Tips for travelling with a dog crate this summer
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Tips for travelling with a dog crate this summer

Summer is here and we’re all thinking about getting away for a well-deserved break to beautiful holiday spots. Dog lovers like us want our furry friends to be a part of the holiday too and they definitely shouldn't miss out on all the fun beach days and picnics.

If you’re travelling by car, it’s good to get prepared ahead of time to make the journey comfortable and safe for your fur buddy. There are many ways to protect your doggie when travelling by car, including safety harnesses, boot guards, pet carriers and crates. You know your dog best and will know what they might be more comfortable with, based on what they’ve been exposed to. 

Dog crates are often a great option, especially if your doggo is used to having their crate in the house as their ‘safe space’. If you’re new to crates, here are some pointers to consider before purchasing one for your summer adventures!

 

Type of crate

Crate size: First off, you need to know what size of crate you need. Start by measuring your dog from nose to tail and from the top of the head to the floor. A great tip for this is to stand them against a wall and mark the wall with pencil and then take the measurements. Remember that your dog might even be taller in a seated position than standing (especially if they have big ears) so take this measurement too. Add 10-15cm to your measurements and look for a crate around this size. Your pup should be able to comfortably sit, stand and turn around. 

Material: Crates come in all sorts of materials so choose wisely based on your pet’s chewing and escaping tendencies! If you’re flying with your doggie, check the IATA guidelines or enlist the help of a pet travel expert.

 

Prepare the crate

Bedding: Get some crate-appropriate bedding like a crate pad. Some other types of bedding can be too easily chewed and become a hazard to an unsupervised dog. Their normal bedding might also make them too hot.

Food and water: Give them some food and water inside the crate. There are plenty of water bottles on the market specifically for this purpose and receptacles that can be fitted inside higher up. Again, if your canine is flying, take advice on guidelines for this.

Temperature: Make sure your doggie will have a comfortable temperature by placing your crate in a sensible, ventilated place. Airlines ensure that temperature in the hold is appropriate and monitored.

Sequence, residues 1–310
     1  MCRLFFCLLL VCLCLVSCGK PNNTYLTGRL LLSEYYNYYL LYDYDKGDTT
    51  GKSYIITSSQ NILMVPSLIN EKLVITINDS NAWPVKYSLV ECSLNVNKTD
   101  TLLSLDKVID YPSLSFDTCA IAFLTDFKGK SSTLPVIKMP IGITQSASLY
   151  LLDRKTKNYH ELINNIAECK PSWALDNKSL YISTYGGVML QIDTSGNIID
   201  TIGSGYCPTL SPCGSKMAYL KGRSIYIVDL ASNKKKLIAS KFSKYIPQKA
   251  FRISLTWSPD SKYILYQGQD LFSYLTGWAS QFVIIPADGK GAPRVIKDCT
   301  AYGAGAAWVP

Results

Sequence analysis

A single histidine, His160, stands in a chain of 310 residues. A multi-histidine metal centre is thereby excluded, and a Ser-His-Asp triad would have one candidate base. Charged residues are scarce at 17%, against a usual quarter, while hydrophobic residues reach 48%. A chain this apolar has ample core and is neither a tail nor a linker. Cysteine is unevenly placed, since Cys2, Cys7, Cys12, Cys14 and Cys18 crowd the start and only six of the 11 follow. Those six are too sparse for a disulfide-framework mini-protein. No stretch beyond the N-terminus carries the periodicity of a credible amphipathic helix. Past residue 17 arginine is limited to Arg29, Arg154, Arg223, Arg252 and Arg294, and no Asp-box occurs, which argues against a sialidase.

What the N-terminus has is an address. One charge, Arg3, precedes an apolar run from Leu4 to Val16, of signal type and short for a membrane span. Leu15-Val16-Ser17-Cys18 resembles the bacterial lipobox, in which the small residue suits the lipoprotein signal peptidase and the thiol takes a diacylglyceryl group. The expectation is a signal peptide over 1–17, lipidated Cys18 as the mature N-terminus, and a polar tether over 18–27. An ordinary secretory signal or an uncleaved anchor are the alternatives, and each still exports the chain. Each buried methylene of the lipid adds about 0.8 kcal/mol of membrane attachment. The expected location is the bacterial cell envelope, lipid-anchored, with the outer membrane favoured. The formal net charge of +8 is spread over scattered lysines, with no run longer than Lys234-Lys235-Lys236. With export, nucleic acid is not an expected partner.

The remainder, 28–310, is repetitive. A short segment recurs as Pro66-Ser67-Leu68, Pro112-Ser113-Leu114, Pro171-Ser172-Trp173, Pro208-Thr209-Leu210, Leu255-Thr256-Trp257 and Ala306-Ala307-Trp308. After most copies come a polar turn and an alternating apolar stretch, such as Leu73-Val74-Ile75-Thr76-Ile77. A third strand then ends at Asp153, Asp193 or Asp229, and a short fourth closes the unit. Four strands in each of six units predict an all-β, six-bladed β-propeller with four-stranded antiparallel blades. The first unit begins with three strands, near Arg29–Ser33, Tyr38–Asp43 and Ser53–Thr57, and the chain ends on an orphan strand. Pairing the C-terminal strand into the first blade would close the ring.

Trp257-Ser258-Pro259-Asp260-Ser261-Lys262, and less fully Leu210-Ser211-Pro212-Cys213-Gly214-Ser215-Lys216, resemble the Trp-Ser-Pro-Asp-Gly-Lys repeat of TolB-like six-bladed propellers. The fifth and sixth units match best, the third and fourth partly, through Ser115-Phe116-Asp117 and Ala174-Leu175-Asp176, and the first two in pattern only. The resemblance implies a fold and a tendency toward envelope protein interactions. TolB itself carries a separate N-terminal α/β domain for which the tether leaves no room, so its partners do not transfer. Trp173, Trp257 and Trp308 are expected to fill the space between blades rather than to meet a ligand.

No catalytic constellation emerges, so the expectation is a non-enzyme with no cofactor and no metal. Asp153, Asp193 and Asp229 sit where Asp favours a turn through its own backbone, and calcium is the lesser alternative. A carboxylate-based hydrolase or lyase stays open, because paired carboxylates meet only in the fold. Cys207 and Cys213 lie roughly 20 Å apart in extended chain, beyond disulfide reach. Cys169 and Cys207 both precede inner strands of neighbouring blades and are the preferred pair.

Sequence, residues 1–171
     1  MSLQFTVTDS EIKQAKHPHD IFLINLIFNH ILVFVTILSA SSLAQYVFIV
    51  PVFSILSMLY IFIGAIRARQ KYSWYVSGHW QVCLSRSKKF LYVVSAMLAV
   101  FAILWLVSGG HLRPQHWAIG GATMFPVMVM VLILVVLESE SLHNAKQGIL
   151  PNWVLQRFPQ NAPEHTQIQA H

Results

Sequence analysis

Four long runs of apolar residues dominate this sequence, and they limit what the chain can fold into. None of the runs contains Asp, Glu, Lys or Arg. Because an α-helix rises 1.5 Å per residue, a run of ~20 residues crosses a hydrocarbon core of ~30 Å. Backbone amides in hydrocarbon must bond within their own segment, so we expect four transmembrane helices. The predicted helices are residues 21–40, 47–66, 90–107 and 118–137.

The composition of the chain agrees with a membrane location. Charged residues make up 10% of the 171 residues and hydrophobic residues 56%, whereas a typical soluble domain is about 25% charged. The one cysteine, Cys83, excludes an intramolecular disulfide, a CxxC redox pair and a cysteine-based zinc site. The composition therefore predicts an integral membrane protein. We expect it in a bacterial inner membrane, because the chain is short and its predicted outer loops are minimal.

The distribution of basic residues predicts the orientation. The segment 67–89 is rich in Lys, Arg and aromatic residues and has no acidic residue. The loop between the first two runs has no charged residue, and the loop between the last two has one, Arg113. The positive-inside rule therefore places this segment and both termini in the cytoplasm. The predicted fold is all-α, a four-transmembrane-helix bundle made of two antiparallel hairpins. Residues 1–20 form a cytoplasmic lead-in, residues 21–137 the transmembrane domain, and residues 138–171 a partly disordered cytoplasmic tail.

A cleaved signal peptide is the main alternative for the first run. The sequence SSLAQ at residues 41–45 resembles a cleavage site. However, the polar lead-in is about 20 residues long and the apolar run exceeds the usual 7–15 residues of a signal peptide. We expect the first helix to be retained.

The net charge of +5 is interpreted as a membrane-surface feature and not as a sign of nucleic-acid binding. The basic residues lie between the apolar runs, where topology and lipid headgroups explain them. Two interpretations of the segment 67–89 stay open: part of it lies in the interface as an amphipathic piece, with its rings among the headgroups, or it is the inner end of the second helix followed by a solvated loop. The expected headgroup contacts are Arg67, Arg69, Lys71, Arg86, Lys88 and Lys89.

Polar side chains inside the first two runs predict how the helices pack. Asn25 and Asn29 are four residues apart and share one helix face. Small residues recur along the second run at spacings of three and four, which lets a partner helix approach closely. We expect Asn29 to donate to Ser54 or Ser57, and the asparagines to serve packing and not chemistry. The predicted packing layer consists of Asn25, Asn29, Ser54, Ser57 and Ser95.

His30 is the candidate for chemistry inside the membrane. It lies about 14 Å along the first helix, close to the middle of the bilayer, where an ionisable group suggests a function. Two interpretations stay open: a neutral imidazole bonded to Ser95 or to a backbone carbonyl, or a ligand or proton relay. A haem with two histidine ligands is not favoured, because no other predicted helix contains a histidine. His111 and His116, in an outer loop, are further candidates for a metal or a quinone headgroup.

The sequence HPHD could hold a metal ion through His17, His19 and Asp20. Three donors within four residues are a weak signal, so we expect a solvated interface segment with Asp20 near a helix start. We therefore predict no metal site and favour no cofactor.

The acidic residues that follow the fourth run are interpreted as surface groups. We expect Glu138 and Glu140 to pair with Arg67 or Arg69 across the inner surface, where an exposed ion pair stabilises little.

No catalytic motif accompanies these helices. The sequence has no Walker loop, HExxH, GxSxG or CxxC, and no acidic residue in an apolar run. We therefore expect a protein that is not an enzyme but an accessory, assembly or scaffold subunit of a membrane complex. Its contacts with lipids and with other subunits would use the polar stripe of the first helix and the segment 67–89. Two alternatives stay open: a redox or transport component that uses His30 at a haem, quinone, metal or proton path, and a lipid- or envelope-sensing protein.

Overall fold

Accessories: Take off all your dog’s accessories, especially collars as these are hazards when travelling.

Assembly: Follow the instructions carefully and do just triple check that there aren’t any jagged edges or sharps implements sticking out that could hurt your furry friend.

 

Crate training

Your crate is all ready but is your doggie? This is a really important part of preparing for your travel adventure. Your canine might be used to being in a crate, in which case, scroll on and bon voyage! But, if this is their first ride, it’s time to get them trained.

Timescale: Get your pooch prepared ahead of time -- start at least a month or so before the trip or preferably longer.

Safe space: Doggo should feel safe in the crate -- encourage them by putting their toys, blankets and comfort items inside. And let them come and go as they please and when they feel happy inside, try closing the door for a short time. Encourage them too!

Dummy runs: Do some dummy runs in the car to get them used to being inside the crate inside the car -- check it’s secure and that they are comfy and not sliding around in there.

 

On the road

Ventilation: This might seem obvious but make sure there’s enough ventilation getting to the place where you’ve placed the crate.

Comfort breaks: Make plenty of stops for pee breaks and of course fresh air, sniffs and some contact with their humans.

Pay attention to health: This goes for mental and physical health -- if your pup is prone to nausea or car sickness, get some herbal tablets or ask the vet for advice. Watch out for separation anxiety -- regular breaks will help or get some calming herbs to help ease their suffering.

This goes without saying perhaps, but make sure your chosen holiday and destination are going to be fun for your furry friend as well as for you and your human companions. Now you're travel-ready with pooch, all that’s left is to enjoy. Happy holidays!

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